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Sample Report of Machine Shop Improvements Resulting From a Value Stream Mapping Analysis
Summary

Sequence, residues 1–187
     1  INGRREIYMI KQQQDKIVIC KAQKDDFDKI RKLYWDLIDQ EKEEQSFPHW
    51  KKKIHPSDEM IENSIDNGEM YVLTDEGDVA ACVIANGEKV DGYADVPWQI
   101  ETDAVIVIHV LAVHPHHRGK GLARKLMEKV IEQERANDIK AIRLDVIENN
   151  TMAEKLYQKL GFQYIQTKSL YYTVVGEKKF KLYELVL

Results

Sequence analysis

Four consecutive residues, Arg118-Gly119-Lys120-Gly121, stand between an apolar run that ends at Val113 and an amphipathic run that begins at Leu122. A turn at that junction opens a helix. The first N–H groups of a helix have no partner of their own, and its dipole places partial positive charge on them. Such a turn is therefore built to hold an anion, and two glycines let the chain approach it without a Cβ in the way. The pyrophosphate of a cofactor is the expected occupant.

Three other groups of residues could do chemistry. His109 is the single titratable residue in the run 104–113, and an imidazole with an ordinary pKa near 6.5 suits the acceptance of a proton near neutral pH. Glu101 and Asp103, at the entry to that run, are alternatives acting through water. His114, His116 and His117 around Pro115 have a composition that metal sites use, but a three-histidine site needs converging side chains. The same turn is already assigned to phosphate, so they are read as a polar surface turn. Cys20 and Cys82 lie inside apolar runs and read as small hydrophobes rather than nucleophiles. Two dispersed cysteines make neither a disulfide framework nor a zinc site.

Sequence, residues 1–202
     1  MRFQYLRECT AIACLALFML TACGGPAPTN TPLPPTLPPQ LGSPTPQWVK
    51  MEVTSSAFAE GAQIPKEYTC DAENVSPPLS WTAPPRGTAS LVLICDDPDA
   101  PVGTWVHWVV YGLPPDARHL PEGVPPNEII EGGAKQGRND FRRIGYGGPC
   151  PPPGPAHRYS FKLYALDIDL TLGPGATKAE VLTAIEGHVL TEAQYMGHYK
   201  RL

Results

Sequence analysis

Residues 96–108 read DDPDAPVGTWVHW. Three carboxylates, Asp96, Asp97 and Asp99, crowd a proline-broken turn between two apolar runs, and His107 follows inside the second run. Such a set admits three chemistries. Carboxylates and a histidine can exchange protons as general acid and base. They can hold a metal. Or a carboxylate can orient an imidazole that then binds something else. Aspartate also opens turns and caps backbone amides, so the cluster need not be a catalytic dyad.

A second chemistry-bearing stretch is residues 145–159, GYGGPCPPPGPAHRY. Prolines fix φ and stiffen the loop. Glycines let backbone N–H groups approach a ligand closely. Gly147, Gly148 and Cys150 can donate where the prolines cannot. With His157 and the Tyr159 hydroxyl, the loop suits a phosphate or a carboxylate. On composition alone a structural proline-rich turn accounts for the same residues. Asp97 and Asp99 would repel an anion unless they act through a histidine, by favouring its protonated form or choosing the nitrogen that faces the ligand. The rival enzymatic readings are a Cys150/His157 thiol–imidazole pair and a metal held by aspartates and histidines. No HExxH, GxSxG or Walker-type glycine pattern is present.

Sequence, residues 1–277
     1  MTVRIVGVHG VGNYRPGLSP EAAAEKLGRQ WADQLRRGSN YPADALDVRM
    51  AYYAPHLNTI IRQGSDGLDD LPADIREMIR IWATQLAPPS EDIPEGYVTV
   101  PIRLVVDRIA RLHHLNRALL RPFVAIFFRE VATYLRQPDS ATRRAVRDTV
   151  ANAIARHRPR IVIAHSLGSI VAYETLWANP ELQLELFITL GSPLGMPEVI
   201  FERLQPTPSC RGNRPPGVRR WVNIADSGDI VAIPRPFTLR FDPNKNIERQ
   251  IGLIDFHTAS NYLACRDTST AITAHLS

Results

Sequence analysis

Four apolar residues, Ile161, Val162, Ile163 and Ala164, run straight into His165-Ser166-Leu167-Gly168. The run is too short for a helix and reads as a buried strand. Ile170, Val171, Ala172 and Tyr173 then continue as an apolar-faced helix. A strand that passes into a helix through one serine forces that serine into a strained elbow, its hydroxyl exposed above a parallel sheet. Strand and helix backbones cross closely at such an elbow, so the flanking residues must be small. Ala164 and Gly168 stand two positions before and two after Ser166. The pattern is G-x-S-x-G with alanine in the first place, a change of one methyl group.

This report summarises opportunities identified for reducing machined components times as part of the Speed Project aim to increase the speed of ordered parts through the system by 30%. The critical understanding, on which all else hinges in the machining business, is that value is only added when metal is cut to make first-pass product, in an efficient and effective manner. Every other activity is an expense and a cost. There was plentiful opportunity to save thousands of hours of time annually in manufacturing if the removal of waste from all activities was made a priority. The information collected and developed during investigations into potential improvement opportunities is enclosed in the body of the report. The recommendations garnered from the investigation are listed in the following Interim Recommendations. Interim Recommendations 1. Senior management must make a believable plan of how they will achieve the stated aims of the Speed Project. This plan needs to clearly be a Top Management initiative that they are prepared to see through to the end. It is critically important to send the right signals to the work force so they can believe the change is more than another fad. 2. The thinking within the organisation is steeped in 1970s practices and is vastly out of date with best practices now available. This thinking needs to be brought into the present through a well structured and organised change management program that brings best practices into use by the management and people in the operation. 3. The recommended approach to lift thinking to that necessary to achieve the Speed Project aim is to introduce Lean Manufacturing training and the associated methods of waste reduction into the management and workforce. The truth is that the men on the shopfloor know what needs to be done to improve productivity. They only need a management supported and endorsed system that allows the ideas to be developed and implemented. 4. The introduction of Work in Process (WIP) before the need for it should be stopped. No material should be cut earlier than its necessary lead time. This requires far more certain planning/scheduling and parts management practices than are now used, along with a guaranteed means to ensure that necessary raw material is available from Suppliers and the Warehouse when it is required. 5. Extend the Speed Project Scope to cover the time losses and wastes across the entire supply chain process from Customer Purchase Approval to Customer Product Acceptance. 6. Install a 15 Tonne crane dedicated for the High Bay Machine Shop so that little time loss occurs waiting for fabrication to free a crane. 7. Schedule all lifts on Parts that take over 4 hours to the weekend and/or night shift.